Volume 76, Number 2 | May 31 - June 6 2006


Mayor isn’t connecting in phone debate

The discussion over students and cell phones in our public schools has generated no shortage of strong feelings on both sides. Many parents and students say it’s the students’ right to have the phones and that, what’s more, students having their phones is important to their safety and to allow them to keep in touch with their parents regarding pickups and drop-offs.

It is quite apparent — and more and more so each day — that cell phones, not to mention other handheld personal electronic devices, have become part and parcel of the lives of most of us. Whether we like it or not, cell phones are already widely used on public buses, and may soon be in subways, as well.

Besides their mere ubiquity, cell phones are seen as essential in the aftermath of 9/11. Fears of terrorism and potential disaster make parents feel they need to have that link to their children open at all times. 

On the other hand, some might feel that parents are being overprotective, not to mention the fact that generations of students got by quite all right without cell phones — so why do we need them in schools now? Yet Mayor Bloomberg and Schools Chancellor Joel Klein, in their flat-out refusal to brook any compromise on the issue have provoked a firestorm of controversy. There has been talk of civil-rights lawsuits being filed to protect students’ rights to have their cell phones with them at all times.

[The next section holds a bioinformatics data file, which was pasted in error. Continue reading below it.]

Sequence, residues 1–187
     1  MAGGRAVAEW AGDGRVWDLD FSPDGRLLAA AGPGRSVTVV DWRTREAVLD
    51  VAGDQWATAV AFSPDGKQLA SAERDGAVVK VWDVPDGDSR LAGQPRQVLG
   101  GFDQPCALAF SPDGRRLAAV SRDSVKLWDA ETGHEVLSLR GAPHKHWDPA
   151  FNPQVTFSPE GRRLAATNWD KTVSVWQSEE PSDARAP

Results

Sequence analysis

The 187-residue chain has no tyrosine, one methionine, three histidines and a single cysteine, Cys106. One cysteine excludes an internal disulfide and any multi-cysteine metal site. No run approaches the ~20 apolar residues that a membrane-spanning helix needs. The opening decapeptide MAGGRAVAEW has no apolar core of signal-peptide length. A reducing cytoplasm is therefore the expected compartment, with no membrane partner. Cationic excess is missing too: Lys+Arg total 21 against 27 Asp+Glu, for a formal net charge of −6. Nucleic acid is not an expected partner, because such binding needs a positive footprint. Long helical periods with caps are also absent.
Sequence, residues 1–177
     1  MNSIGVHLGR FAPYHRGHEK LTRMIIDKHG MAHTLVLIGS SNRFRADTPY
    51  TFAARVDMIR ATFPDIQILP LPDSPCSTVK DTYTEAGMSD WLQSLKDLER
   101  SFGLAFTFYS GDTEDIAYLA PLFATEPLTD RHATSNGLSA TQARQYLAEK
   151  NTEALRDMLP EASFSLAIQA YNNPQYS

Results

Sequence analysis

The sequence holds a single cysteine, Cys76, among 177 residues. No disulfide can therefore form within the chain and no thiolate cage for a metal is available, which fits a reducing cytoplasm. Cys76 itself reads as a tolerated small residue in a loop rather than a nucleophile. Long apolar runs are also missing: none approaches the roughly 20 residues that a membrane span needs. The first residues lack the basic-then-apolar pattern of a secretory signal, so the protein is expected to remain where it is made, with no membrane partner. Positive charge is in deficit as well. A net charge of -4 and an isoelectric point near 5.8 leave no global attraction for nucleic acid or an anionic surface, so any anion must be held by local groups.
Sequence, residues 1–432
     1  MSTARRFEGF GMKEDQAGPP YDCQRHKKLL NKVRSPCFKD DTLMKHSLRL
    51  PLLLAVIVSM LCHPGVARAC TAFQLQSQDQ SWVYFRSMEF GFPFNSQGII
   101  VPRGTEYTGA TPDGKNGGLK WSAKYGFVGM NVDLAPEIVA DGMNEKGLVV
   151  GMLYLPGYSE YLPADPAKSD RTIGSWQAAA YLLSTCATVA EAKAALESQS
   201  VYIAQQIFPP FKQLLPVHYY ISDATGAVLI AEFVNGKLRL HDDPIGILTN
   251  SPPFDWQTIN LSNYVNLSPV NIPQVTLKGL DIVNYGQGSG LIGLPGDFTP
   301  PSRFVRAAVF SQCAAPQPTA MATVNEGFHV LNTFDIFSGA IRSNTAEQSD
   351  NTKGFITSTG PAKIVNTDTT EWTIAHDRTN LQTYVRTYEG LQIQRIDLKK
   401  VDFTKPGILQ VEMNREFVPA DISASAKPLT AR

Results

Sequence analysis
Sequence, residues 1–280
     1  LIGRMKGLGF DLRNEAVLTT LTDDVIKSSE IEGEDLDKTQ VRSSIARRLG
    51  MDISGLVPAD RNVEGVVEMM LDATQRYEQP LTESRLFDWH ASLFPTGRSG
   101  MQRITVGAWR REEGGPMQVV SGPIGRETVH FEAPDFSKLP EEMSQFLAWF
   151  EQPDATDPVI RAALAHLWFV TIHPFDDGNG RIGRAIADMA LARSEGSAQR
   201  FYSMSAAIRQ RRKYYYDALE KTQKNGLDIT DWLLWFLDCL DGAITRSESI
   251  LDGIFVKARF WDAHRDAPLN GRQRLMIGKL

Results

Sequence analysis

State Senator Tom Duane is backing another possible solution — disabling students’ phones inside schools with a jamming signal. Yet, there are questions about how effective this strategy would be and how it would work.

The bottom line is that students should face consequences if they use cell phones in school during class. They should face having their phones confiscated and even other penalties if appropriate.

There’s no question that using cell phones in class is disruptive. Teachers, who already must be disciplinarians and contend with so much else in the classroom, don’t need the added responsibility of being cell phone monitors.

Those who oppose the use of the phones in schools say that parents can contact their children and vice a versa through the school’s office or school’s secretary. Some parents claim, though, this is not always effective.

Clearly, this issue isn’t going to go away anytime soon. Cell phones have become practically an appendage to many of us, and this seems to be the case even more with our youth, similar to the way in which children are so much more connected to computers and the Internet than previous generations. These are simply facts of life in today’s world.

The mayor and chancellor have taken an inflexible position on this issue, when it would appear that something else is needed. There are different ways to cut out disruptive communication without denying parents and children access to each other.  It’s time to think more outside the box.

Reader Services


Email our editor



The Villager is published by
Community Media LLC.

145 Sixth Avenue, New York, NY 10013
Phone: (212) 229-1890 Fax: (212) 229-2790
Advertising: (646) 452-2465 •
© 2005 Community Media, LLC

Email: news@thevillager.com

Written permission of the publisher must be obtainedbefore any of the contents of this newspaper, in whole or in part, can be reproduced or redistributed.